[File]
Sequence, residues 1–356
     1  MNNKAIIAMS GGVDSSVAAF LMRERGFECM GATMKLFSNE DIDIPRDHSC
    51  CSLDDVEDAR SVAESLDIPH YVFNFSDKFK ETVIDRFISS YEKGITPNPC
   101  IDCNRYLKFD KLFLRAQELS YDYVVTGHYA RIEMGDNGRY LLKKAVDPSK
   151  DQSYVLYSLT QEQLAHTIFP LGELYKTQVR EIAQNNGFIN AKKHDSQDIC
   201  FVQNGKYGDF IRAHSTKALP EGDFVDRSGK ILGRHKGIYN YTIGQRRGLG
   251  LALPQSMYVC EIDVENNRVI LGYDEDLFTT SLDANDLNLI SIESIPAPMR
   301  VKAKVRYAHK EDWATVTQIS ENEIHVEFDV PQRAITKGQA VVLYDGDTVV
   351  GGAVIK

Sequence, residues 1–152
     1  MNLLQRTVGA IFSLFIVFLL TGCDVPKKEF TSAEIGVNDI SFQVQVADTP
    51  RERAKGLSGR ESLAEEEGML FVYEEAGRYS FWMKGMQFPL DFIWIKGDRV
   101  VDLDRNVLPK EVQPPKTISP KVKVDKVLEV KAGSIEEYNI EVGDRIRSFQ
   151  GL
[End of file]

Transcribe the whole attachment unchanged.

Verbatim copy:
Sequence, residues 1–356
     1  MNNKAIIAMS GGVDSSVAAF LMRERGFECM GATMKLFSNE DIDIPRDHSC
    51  CSLDDVEDAR SVAESLDIPH YVFNFSDKFK ETVIDRFISS YEKGITPNPC
   101  IDCNRYLKFD KLFLRAQELS YDYVVTGHYA RIEMGDNGRY LLKKAVDPSK
   151  DQSYVLYSLT QEQLAHTIFP LGELYKTQVR EIAQNNGFIN AKKHDSQDIC
   201  FVQNGKYGDF IRAHSTKALP EGDFVDRSGK ILGRHKGIYN YTIGQRRGLG
   251  LALPQSMYVC EIDVENNRVI LGYDEDLFTT SLDANDLNLI SIESIPAPMR
   301  VKAKVRYAHK EDWATVTQIS ENEIHVEFDV PQRAITKGQA VVLYDGDTVV
   351  GGAVIK

Sequence, residues 1–152
     1  MNLLQRTVGA IFSLFIVFLL TGCDVPKKEF TSAEIGVNDI SFQVQVADTP
    51  RERAKGLSGR ESLAEEEGML FVYEEAGRYS FWMKGMQFPL DFIWIKGDRV
   101  VDLDRNVLPK EVQPPKTISP KVKVDKVLEV KAGSIEEYNI EVGDRIRSFQ
   151  GL